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The Alaska daily empire. [volume] (Juneau, Alaska) 1912-1926, August 19, 1915, Image 1

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YOL. VI., NO. 647. JUNEAU, ALASKA, THURSDAY, AUGUST 19, 1915. ^ PRICE TEN CENTS.
. ,' | ?? .vt... ? ? ? ,? i ji". t
BRITISH LINER TORPEDOED NEAR LUSITANIA'S GRAVE
? ? >:#-? ??::- ?? >. ,.< a.
? ? r*: : ? S 5 : = : ? ?; -?. .. ..
TEXAS DEATH LIST SHOWS 400 LOST LIVES
AMERICAN GIRL WHO
WAS f. HOLT'S PUPIL
ACCUSSED Of BEING SPY
Arrested at Prince Rupert. B. C.,
and held under surveillance for ten
days as a German 3py Is the experi
ence of Miss Elsie Scheel of New
York, who is a passenger on the
steamship City of Seattle, in Juneau
yesterday.
Miss Scheel reached Prince Rupert
two weeks ago from Vancouver, trav
eling north on a Grand Trunk Pacific
boat. Shortly after her arrival in the
Canadian city she was conscious of
the fact that she was being watched.
"They shadowed me everywhere, and
I couldn't turn a corner without meet
ing someone whom I knew to be a
soldier or civil police, and they stared
me almost out of my shoes." she said
yesterday.
To Church with Bodyguard.
"My trunks were searched, and
they even went so far as to send
three soldiers with 'me to church."
Miss Scheel continued. Finding no
evidence that she was a spy, the au
thorities finally released the young
woman.
The young woman admits that she
is of German parentage, but she says
she was born In America. Her fa
ther is a member of the Bunds So
ciety. a German organization, in New
York, and her mother who is a prac
ticing physician, is prominent in Ger
man club circles. >
* \f {no C?KA<\1 'O of apioo
? ICWrUiUJi IU i'li.io kA,uvvi 0 otvcvu,
the Canadian authorities said they re
ceived advices from New York that J
Miss Scheel was a spy in the employ
of the German government, and she
was constantly under surveillance on
her trip across the continent. The
young woman believes that her ac- ,
qnalntance with Prof. Erich Muenter
prompted the Canadians to be sua- ,
piclous of her. Muenter fled from 1
Harvard several years ago after he had ,
been wanted on a charge of poison
ing his wife. He turned up in New ^
York the other day as Frank Holt, the
man who tried to kill J. P. Margon at
his summer home near Glen Cove,
L. L Holt, or Muenter. later commit
ted suicide in the Mlneola jail. "1
knew Muenter, as Holt, when he was
teaching in Cornell University,"
Miss Scheel said. "But our relation
was only that of pupil and instructor,"
. she said.
Returning to Rupert.
Miss Scheel is going back to Prince
Rupert, without fear of further moles
tation. She is making the trip on the
City of Seattle, to Skagway and Sit
ka. to see the country, she says. She
expects to travel East over the Grand
Trunk- railroad out of the Canadian
city.
It is common knowledge along the
coast that the British government ls[
planning to send a fleet of merchant i
ship out from Prince Rupert, bound
for Vladivostok with munitions of
war, and it is believed that German
spies have been sent to Prince Ru
pert to gain what knowledge they
can of these plans, and to make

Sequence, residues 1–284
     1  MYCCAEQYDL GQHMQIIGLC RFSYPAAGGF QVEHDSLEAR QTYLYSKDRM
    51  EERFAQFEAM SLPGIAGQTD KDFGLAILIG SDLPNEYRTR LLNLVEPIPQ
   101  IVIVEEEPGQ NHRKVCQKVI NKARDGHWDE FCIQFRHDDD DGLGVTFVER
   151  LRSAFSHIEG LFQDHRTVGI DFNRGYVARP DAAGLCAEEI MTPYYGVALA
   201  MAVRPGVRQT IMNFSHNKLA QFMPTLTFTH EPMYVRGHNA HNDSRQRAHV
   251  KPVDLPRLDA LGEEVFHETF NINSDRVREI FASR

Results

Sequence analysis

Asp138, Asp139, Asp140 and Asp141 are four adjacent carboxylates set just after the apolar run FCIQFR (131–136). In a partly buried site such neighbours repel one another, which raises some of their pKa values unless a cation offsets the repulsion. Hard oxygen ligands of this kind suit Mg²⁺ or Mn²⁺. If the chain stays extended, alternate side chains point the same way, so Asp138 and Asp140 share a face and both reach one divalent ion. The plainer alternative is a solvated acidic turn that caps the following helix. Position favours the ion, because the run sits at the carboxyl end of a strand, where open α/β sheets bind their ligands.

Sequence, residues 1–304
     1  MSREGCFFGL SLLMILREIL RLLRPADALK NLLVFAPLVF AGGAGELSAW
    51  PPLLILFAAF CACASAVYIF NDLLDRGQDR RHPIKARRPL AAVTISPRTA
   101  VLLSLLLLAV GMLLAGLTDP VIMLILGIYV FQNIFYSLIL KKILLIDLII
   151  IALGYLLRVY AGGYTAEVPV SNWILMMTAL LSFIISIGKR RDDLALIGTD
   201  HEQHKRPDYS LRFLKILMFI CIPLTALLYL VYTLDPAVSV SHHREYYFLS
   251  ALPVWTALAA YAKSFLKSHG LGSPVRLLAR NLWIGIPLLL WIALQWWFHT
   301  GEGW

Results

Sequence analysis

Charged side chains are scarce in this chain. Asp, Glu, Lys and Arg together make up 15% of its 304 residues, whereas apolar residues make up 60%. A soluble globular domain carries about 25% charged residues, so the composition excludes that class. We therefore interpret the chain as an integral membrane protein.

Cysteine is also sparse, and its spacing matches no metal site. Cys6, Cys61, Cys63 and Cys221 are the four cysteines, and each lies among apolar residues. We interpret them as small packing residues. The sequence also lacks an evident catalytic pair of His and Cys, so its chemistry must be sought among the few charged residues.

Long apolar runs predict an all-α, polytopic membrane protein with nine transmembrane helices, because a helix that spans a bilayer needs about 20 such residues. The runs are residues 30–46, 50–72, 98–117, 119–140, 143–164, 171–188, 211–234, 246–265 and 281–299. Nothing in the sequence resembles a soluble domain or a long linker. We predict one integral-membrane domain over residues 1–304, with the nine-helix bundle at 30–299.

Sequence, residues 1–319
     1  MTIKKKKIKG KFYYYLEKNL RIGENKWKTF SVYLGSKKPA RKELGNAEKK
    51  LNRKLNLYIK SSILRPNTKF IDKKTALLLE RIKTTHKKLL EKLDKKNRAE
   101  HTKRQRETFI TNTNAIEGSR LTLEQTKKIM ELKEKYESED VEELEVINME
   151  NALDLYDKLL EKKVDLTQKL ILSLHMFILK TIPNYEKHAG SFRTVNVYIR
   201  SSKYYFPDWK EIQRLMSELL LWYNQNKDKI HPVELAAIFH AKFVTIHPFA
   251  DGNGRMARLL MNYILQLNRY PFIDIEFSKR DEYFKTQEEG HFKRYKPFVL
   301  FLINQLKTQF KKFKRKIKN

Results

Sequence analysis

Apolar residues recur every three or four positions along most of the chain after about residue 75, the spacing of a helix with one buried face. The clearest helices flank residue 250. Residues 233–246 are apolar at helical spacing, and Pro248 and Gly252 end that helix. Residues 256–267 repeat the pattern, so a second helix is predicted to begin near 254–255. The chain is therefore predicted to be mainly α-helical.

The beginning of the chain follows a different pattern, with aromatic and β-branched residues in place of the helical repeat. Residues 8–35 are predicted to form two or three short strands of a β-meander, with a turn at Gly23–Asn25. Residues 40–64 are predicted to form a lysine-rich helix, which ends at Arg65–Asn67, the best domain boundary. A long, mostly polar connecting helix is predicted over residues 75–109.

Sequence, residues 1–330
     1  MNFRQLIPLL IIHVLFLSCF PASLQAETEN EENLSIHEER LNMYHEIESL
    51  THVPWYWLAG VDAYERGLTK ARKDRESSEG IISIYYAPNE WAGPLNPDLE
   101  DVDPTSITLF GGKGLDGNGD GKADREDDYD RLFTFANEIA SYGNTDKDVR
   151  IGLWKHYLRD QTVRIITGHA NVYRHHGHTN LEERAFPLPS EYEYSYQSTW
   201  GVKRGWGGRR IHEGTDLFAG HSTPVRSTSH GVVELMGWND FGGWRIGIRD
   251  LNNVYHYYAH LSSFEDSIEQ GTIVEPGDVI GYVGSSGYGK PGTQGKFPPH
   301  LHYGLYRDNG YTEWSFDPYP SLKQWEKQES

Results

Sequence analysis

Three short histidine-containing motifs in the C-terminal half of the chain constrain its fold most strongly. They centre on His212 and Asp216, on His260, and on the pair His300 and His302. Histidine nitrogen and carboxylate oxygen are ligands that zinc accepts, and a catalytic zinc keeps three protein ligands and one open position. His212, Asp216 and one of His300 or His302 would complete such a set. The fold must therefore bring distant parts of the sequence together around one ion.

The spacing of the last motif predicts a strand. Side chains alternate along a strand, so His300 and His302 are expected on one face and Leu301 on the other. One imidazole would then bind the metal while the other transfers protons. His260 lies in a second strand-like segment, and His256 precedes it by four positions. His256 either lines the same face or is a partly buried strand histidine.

Sketches of the naval drydock which
is being built there.
CARRANZA LIKES
U. S. GOVERNMENT
WASHINGTON. Aug. 19.?General'
Venustlano Carranza today sent a for
mal announcement to the State De
partment. expressing his "highest re
spect for President Wilson and the
peopde of the United States."
NOME JUDGE ON WAY
TO VIRGINIA HOME
"The longer I stay in Nome the
better I like it," said Judge John Ran
dolph Tucker, federal Jurist forx the ?
Second Alaska division, this morn
ing. Judge Tucker is on his way to
Seattle, on the steamship Victoria, ac
companied by Mrs. Tucker. They will
go east to Bedford County, Virginia,
their former home, and Mrs. Tucker
expects to spend the next winter
there, for the benefit of her health.
Judge Tucker was appointed two
years ago, by President Wilson to
succeed Judge Cornelius D. Murane.
LEAVE ON MARIPOSA.
Passengers leaving on the Mariposa
this morning included Mrs. Milton
Winn, Mrs. L. M. Hambrlght, J. F.
Hurley, Mrs. S. W. Mason. Mrs. Anna
Hartmen. Miss Dorothy Thornton, C.
Stevenson, Mrs. Anna Stevenson and
C. H. Wilbur for Seattle; and E. O.
Richmond for Wrangell.
TEDDY, ALSO.
NEW YORK, Aug. 19.?Col. Roose
velt has become a member of the ad
visory board of the American Defense
Society.
? ? + * + + + + ++ ?> + ?> + ?<.+
* WEATHER TODAY *
* Maximum?68. *
+ Minimum?30. +
* CLEAR!! +
+????????+?+???+4
? +
MISTAKE COSTS
THOUSAND DOLLARS
?1 I :
SEATTLE, Aug. 19. ? Mrs.
Anna H&nke, an aged German ,
woman, became flustered this
morning when she realized that- j
she had mistaken a chance au
tomobile for a "Jitney bus." On
learning her mistake she left the j
| machine, leaving behind her a
canvass bag containing $1,000 in
gold, the savings of a life- {
' time.
Other than the fact that "it
was not a Ford," the woman
was unable to give tho police
any description of the car which | ,
carried away her money. She
I remained today at the police sta- ,
Hon. in the hopes that the driver
of tho car would return the mon- (
ey to the authorities.
I J
4 (.
WOODWORTH BOAT !
BLOWN OUT TO SEAj
PRINCE RUPERT, B. C., Aug. 19.
The 2S-foot launch Alaskan, of Juneau, '
with BUlie Woodworth and Cy Con
fer as passengers, arrived here last '
night, after a thrilling experience. J
The boat was blown out to sea at Dlx- 1
on's Entrance, bad engine trouble, lost
her sail and her dingy, and drifted ]
for three days and three nights in a
storm.
Monday night the Alaskan was pick
ed up by the fishing boat Susie, and (
towed here. Woodworth and Confer ,
will appear in song at a local play- J
house tonight, and they expect to ,
leave before the end of the week.,for J
Seattle.
AMERICAN BANKERS HAVE
NO CASH FOR MEXICO
NEW YORK, Aug. 19. ?New York
bankers said regarding the reported
Intention of the Administration to con
fer with bankers on the subject of
financing a new government in Mex
ico that they would not advance any
money to Mexico unless every cent
was guaranteed by the United States
government.
CANADIAN GOVERNMENT
ORDERS CARS FOR CROPS
-
MONTREAL. Aug. 19.?The Canad
ian government railways have order
ed 1,000 new steel freight cars from
Canadian companies for immediate de
livery, in anticipation of the require
ments for moving the big wheat
crop. It is reported that the railways